fed by natural gas. The
      hydrogen would be pumped into the car much the same as
      gasoline, filling the
      storage material in less than
      three minutes. A tank for a high efficiency vehicle
      like the PNGV cars would
      be roughly the size of a
      gas tank on today�s mid-size car and only slightly
      heavier than a current tank
      when filled with
      gasoline.

      END OF PART 1

    • I am certain that ECD has a price target, but I
      have no way of knowing what that is. Except that the
      initial prices will be with respect to prototype systems
      provided to such as various auot mfg companies. I would
      guess that such prototype systems would sell for
      several thousand dollars each, at least -- maybe much
      more. Eventually, I see no way that the ECD hydride
      system would not be viable from a cost standpoint.
      Magnesium is not very expensive and the system would last
      for more than the normal life of an auto.

    • Has ENER given any price target for this system installed on a car?

    • I agree that Hydrogen storage per unit volume
      (theoretical, at least) is likely not going to vary by large
      amounts between the various metal hydrides. Due to widely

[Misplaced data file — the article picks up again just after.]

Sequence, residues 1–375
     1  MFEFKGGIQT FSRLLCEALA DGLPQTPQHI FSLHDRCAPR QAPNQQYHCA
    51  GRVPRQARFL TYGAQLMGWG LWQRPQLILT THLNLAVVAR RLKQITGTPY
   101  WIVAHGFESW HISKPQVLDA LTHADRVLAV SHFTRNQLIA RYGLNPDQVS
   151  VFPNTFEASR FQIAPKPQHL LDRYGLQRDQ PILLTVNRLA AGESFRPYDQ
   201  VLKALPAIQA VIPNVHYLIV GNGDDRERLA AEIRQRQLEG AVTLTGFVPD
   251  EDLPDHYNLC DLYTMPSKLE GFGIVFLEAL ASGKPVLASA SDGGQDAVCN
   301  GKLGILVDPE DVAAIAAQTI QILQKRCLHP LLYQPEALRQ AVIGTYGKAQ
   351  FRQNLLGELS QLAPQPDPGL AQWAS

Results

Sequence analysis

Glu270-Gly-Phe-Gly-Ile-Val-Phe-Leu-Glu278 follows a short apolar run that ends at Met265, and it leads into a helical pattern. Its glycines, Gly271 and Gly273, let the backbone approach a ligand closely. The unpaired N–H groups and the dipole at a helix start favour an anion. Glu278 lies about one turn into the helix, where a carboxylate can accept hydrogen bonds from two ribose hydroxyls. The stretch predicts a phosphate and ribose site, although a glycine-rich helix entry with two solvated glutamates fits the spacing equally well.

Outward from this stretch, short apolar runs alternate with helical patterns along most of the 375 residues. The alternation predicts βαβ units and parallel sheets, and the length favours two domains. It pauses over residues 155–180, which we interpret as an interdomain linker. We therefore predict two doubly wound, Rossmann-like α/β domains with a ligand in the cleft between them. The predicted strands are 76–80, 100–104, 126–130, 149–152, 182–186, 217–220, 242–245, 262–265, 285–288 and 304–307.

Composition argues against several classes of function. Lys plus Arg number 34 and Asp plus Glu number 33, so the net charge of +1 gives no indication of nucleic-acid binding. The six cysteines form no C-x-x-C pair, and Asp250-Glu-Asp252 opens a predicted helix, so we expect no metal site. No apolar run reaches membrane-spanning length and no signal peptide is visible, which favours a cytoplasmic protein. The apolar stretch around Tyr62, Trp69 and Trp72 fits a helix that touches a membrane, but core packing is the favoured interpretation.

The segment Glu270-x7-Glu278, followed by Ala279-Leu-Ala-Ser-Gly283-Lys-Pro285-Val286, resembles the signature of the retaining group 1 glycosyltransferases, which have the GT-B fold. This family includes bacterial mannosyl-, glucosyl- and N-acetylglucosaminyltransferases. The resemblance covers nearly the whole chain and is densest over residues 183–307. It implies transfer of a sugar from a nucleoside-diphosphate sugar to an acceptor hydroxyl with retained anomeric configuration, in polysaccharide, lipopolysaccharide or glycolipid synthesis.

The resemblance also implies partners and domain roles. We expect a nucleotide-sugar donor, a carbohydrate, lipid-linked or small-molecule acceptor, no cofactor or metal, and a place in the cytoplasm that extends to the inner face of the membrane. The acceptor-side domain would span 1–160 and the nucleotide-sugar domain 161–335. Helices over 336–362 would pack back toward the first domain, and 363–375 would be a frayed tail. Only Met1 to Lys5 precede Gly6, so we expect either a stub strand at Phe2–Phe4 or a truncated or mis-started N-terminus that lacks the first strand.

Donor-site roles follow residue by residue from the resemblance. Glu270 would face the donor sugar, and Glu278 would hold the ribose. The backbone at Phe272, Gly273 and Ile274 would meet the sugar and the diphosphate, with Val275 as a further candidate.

varying densities, though, the Hydrogen stored per unit
      mass does vary a lot. And, hydrides have in the past
      been very heavy, resulting in tanks that weighed, for
      6 kg of H2 storage, about 300 kg (about 660 pounds)
      just for the hydride material alone.

      So, when I
      saw the 7% per unit weight figure for ECD's new
      materials, I assumed that they must be based on the
      Magnesium Hydride material ECD has been working on since
      1997. However, there was a news release a while back
      that indicated alloys of several heavy metals were
      used. I think this must have been an error. Perhaps the
      heavy metals involved, if any, are merely
      small-percentage alloying metals used in conjunction with
      Magnesium Hydride.